For the 16-byte transmit buffer, 16 bytes will be transmitted and then it will wait until the next polling takes place (several seconds later) before the next 16 bytes are sent out. Thus transmission is very slow and in small chunks. Receiving is slow too since bytes that are received by the receive buffer are likely to remain there for several seconds until it is polled.
This explains why it takes so long before you see what you typed. When you type say AT to a modem, the AT goes out the serial port to the modem. The modem then echos the AT back thru the serial port to the screen. Thus the AT characters have to pass twice thru the serial port. Normally this happens so fast that AT seems to appear on the screen at the same time you hit the keys on the keyboard. With slow polling delays at the serial port, you don't see what you typed until perhaps 15 seconds later. Even then, you don't often see all you typed but only the first several characters.
What about overruns of the 16-byte receive buffer? This will happen with an external modem since the modem just sends to the serial port at high speed which is likely to overrun the 16-byte buffer. But for an internal modem, the serial port is on the same card and it's likely to check that this 16-byte receive buffer has room for more bytes before putting received bytes into it. In this case there will be no overrun of this receive buffer, but text will just appear on your screen in 16-byte chunks spaced at intervals of several seconds.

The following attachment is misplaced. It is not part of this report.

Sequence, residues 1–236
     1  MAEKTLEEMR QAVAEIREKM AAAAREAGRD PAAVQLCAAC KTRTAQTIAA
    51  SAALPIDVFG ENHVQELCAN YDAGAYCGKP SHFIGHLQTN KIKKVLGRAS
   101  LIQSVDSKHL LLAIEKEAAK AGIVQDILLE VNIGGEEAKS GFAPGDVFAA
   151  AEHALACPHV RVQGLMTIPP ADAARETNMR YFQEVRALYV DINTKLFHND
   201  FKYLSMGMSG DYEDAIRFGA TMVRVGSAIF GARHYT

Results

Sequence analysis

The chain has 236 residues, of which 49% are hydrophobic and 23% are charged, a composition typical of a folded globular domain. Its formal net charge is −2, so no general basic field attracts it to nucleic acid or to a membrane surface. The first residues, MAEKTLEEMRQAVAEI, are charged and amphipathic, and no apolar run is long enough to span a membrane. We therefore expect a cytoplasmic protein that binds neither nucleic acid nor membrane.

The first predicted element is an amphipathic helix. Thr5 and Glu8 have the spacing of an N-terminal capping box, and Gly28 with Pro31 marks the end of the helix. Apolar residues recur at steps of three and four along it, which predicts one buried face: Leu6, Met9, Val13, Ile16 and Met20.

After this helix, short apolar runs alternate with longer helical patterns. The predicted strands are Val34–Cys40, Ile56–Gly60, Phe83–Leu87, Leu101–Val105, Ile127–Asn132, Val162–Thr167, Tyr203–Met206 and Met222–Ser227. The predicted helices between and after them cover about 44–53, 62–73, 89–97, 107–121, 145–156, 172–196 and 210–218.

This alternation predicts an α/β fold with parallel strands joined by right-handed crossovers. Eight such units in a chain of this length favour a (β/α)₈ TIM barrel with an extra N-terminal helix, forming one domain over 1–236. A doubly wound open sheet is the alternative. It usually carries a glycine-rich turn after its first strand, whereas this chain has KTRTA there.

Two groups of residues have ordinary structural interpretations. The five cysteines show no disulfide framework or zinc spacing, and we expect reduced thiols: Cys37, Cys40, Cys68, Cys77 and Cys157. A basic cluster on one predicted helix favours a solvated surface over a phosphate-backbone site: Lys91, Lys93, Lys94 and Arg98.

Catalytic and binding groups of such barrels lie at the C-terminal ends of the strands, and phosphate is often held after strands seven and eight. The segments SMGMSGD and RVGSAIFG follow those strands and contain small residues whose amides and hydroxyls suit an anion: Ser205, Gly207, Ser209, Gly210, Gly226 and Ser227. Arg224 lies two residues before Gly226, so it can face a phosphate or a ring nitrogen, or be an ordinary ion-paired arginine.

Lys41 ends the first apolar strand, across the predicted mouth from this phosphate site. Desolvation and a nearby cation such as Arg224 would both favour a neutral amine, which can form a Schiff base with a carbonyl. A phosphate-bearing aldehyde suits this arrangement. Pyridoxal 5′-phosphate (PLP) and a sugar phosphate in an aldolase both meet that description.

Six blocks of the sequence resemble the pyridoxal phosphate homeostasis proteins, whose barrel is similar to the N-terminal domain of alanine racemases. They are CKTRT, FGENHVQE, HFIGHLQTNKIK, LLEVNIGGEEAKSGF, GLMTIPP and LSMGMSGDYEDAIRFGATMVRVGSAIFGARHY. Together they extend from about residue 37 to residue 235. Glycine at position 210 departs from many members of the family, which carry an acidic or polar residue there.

Even with an external modem you might not get overruns. If just a few characters (under 16) are sent you don't get overruns since the buffer likely has room for them. But attempts to send a larger number of bytes from your modem to your screen may result in overruns. However, more than 16 (with no gaps) can get thru without overruns if the timing is right. For example, suppose a burst of 32 bytes is sent into the port from the external cable. The polling might just happen after the first 16 bytes came in so it would pick up these 16 bytes OK. Then there would be space for the next 16 bytes so that entire 32 bytes gets thru OK. While this scenario is not very likely, similar cases where 17 to 31 bytes make thru are more likely. But it's even more likely that only an occasional 16-byte chunk will get thru with possible loss of data.